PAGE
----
Assortativeness, the tendency for individuals to associate with others like themselves, can either aid or hinder the spread of infections. People in contemporary nation states like the United States show an incredible capacity to form associations with like individuals. We form social relationships, particularly intimate relationships, with people who are similar to us in age, socioeconomic status, sexual orientation, ethnicity, education, religion, forms of deviance behavior such as drug use or criminal activity, etc. Frequently, this assortativeness has the effect of localizing and concentrating epidemiologically important contacts. When this happens, individuals who act as bridges between different communities take on central epidemiological importance. For example, married men who visit commercial sex workers can serve as a critical bridge connecting high-risk populations of sex workers and injection drug users with the general population. Similarly, health care workers can bridge hospital populations with the general population, a phenomenon important for the emergence of SARS in 2002. (Note that for epidemiological applications, we call such individuals “bridges” but in other applications we might call them “brokers” or “entrepreneurs,” highlighting the general importance of such ideas for understanding society.) The existence of such social bridges highlights the fact that people can also assort on characteristics that are not visible attributes and this type of assortative behavior can increase connectivity. In particular, if people with few contacts tend to be connected to people with many contacts (as in the case of the star), then such disassortativeness can increase the epidemic potential in a population.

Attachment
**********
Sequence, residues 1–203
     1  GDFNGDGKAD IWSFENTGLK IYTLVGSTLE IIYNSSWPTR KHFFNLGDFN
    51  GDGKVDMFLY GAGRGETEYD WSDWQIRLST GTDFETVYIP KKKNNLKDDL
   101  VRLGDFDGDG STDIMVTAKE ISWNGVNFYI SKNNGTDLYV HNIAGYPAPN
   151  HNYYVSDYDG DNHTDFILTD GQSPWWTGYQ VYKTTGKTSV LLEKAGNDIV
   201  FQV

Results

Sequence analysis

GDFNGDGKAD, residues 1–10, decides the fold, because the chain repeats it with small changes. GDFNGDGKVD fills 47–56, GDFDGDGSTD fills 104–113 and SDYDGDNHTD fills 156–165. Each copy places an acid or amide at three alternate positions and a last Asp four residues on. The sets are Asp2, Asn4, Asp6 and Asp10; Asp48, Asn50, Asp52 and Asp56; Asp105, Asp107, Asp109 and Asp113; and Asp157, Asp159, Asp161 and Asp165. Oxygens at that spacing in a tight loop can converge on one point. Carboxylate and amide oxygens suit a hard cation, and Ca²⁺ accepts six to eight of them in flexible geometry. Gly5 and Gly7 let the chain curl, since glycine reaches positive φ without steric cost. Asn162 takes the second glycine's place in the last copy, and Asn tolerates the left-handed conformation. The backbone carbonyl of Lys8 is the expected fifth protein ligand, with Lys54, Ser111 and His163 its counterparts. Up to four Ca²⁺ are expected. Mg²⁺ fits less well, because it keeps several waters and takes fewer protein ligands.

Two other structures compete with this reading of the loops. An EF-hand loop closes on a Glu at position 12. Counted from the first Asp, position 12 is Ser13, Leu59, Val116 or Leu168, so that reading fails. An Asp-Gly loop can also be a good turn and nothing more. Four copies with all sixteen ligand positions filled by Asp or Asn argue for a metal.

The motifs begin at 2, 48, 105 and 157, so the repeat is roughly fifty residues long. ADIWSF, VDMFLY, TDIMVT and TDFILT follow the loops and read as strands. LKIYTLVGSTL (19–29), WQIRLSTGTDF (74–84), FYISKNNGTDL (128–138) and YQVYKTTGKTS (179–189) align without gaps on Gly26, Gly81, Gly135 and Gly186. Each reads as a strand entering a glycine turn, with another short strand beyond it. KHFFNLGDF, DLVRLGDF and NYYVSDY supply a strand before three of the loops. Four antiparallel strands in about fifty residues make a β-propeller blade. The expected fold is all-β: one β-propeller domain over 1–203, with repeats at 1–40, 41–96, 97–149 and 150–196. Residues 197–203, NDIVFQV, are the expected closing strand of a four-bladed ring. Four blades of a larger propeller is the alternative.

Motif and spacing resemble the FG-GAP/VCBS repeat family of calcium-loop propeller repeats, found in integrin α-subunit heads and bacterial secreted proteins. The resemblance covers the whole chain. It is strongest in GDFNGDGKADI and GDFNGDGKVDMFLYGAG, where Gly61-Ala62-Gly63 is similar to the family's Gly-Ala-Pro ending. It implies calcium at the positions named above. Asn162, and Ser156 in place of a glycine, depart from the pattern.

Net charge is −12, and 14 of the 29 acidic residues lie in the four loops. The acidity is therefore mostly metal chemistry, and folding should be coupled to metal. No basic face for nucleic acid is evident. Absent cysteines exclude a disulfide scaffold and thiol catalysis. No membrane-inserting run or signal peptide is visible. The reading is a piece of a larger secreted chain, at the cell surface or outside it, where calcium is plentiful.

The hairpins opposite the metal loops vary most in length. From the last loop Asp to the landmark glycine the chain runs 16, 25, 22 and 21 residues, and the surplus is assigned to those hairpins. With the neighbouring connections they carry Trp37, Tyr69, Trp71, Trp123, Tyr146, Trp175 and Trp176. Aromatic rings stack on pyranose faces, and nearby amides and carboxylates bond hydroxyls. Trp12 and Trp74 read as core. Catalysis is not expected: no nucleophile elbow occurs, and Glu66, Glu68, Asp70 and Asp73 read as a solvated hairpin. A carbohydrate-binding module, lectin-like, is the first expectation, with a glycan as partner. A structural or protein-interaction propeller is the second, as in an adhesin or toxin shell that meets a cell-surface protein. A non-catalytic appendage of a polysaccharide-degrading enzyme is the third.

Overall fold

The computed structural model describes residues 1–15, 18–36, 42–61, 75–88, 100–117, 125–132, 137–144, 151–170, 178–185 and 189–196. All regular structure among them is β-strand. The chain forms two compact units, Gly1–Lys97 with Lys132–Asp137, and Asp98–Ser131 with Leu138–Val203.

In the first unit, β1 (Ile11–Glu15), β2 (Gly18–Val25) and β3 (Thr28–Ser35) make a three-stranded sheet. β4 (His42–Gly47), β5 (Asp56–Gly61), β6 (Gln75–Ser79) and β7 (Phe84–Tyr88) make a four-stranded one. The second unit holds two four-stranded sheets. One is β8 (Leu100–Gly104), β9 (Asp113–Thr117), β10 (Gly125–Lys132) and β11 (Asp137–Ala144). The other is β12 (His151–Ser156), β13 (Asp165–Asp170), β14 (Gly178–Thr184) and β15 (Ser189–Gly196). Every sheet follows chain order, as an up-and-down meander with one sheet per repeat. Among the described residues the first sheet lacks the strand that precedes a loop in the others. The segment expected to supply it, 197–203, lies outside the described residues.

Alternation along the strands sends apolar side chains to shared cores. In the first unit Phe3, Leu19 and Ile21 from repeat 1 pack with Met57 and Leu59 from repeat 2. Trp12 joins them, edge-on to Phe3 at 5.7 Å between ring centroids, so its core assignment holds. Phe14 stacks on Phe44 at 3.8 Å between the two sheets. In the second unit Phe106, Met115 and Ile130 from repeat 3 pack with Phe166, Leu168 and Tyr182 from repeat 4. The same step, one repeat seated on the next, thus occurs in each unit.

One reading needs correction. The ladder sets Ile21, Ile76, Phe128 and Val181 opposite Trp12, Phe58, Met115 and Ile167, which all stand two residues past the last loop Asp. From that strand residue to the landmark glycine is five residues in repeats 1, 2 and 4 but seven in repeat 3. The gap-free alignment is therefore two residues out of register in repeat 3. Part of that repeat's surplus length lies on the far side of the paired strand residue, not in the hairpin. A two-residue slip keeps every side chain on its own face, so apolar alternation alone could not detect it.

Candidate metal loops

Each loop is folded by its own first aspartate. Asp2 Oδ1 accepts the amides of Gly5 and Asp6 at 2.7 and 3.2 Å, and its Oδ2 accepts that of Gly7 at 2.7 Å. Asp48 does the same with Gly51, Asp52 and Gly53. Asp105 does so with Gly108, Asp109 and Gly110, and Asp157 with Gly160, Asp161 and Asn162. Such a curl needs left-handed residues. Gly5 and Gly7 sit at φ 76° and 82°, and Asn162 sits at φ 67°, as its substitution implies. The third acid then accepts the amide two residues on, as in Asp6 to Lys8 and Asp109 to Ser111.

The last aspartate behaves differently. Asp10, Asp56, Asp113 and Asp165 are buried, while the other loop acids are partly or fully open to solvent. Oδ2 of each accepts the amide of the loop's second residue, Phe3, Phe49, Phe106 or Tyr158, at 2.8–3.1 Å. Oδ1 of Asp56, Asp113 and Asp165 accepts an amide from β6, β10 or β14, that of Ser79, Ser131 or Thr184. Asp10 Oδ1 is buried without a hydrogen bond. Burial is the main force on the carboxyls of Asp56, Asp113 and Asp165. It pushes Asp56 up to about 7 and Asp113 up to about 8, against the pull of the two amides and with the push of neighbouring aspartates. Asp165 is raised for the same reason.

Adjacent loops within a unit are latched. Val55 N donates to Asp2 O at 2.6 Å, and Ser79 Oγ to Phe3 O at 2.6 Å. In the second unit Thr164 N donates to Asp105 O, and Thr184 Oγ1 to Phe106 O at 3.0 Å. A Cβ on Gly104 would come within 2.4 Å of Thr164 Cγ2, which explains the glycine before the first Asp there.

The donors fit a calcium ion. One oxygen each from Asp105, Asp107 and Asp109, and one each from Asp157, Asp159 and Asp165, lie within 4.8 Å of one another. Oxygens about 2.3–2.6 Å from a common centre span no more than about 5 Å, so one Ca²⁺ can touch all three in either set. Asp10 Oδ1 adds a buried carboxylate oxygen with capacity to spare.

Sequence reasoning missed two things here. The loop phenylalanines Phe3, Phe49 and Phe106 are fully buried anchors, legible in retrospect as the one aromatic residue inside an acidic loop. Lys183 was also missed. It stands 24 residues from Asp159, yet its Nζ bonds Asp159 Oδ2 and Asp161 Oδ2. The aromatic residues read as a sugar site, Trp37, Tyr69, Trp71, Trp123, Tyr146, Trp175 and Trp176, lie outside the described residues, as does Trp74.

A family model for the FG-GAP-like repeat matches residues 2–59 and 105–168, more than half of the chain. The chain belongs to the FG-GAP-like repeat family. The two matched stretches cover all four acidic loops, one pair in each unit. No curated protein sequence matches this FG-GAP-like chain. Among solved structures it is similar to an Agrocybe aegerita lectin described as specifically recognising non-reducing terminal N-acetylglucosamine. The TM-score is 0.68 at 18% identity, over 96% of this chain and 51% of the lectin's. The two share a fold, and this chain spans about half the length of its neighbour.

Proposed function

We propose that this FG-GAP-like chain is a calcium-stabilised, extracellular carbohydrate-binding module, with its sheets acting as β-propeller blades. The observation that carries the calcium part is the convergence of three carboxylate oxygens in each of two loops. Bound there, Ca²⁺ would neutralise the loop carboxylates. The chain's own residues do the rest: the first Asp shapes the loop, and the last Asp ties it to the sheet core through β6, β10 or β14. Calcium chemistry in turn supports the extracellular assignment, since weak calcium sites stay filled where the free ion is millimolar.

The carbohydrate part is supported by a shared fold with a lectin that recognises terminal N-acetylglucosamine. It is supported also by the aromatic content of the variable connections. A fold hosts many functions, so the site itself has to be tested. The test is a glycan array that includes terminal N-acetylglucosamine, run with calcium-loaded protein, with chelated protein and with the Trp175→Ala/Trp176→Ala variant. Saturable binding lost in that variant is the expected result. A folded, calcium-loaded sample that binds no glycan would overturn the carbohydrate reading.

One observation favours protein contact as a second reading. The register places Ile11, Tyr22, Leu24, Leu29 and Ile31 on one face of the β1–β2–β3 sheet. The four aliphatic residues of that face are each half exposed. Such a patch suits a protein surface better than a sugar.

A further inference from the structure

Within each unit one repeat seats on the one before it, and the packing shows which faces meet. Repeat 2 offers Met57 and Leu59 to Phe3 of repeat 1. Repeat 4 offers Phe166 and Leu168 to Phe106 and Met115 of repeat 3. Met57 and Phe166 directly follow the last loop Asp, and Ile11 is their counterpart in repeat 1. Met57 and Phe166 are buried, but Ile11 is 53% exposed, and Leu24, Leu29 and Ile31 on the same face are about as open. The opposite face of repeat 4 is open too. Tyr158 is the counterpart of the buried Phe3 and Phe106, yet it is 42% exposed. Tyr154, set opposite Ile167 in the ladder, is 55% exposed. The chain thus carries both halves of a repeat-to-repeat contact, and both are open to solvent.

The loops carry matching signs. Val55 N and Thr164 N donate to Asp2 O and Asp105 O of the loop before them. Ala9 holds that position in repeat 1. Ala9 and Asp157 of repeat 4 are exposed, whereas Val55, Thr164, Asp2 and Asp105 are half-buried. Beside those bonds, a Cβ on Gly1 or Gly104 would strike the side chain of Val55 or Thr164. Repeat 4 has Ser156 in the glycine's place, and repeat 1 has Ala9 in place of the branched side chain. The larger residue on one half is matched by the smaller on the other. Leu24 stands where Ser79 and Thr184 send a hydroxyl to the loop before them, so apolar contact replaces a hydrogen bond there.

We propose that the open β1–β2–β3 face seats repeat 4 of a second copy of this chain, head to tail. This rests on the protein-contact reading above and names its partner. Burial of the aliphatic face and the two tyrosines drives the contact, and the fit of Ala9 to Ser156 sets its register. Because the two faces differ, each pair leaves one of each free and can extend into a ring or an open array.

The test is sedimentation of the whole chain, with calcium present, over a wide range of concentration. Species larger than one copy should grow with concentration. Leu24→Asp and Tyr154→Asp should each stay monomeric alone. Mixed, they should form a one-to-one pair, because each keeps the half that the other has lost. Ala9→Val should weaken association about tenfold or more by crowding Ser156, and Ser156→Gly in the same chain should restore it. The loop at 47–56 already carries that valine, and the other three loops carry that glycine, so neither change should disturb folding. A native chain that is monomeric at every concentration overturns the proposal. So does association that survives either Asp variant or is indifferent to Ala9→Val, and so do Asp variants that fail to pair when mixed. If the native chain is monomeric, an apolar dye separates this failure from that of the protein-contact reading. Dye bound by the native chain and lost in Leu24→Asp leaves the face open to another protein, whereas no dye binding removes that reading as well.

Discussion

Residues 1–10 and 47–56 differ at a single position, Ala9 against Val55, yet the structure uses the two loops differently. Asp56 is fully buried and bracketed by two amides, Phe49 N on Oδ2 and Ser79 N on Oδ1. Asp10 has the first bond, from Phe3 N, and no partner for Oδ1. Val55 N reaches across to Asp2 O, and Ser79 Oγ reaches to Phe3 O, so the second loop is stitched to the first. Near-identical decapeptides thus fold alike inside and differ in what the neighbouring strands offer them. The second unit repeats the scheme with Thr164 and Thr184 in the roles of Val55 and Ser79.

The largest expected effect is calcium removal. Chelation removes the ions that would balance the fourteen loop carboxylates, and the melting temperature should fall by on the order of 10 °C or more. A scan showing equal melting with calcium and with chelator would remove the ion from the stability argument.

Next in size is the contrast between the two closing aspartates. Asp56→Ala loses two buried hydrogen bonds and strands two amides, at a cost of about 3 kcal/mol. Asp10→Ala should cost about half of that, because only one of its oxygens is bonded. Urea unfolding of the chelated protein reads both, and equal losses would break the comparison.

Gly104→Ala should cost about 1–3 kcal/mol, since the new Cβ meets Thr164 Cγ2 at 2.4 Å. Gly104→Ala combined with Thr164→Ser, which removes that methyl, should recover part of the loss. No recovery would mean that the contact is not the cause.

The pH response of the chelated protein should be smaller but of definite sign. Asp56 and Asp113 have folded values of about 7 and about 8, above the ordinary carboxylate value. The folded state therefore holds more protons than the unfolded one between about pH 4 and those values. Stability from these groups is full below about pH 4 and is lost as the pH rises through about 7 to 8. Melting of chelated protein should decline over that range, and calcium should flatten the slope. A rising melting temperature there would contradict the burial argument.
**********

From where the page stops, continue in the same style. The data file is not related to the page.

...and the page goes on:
The aggregate effects of individual behavioral decisions can have a profound effect on the shape and composition of human populations, but there is more to human populations than simply individual behavior. For one thing, human populations are characterized by a hierarchical structure: individuals typically belong to households and households are aggregated into communities, which are, in turn, aggregated in towns, states, nations, etc. Naturally, there are cross-cutting ties in such hierarchical organization (much like bridges in individual contact networks). Freudian fantasies of primitive hordes aside, even the largely egalitarian societies of hunter-gatherers are characterized by a hierarchical structuring of families, bands, and tribes. Hierarchical structuring is clearly important for understanding social process in human societies.